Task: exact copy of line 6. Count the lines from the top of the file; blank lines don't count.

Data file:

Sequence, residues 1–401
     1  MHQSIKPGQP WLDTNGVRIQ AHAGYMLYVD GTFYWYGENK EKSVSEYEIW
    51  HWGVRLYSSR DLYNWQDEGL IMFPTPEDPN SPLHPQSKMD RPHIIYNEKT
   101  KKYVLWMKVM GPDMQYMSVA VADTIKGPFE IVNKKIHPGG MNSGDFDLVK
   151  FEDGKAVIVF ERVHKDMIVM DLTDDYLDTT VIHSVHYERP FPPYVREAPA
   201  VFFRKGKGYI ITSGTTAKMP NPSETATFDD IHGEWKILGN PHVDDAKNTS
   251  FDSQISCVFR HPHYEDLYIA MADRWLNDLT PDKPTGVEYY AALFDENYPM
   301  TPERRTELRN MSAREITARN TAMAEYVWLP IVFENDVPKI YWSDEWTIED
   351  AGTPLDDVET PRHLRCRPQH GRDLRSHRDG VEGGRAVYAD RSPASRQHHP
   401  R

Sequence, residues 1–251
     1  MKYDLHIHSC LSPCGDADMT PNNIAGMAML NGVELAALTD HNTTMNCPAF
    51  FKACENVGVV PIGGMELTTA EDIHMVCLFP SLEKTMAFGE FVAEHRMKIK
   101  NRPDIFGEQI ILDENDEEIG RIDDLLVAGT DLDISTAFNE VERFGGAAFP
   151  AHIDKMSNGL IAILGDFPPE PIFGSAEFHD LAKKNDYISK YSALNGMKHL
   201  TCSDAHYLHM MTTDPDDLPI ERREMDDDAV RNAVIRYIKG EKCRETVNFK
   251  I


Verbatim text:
   201  VFFRKGKGYI ITSGTTAKMP NPSETATFDD IHGEWKILGN PHVDDAKNTS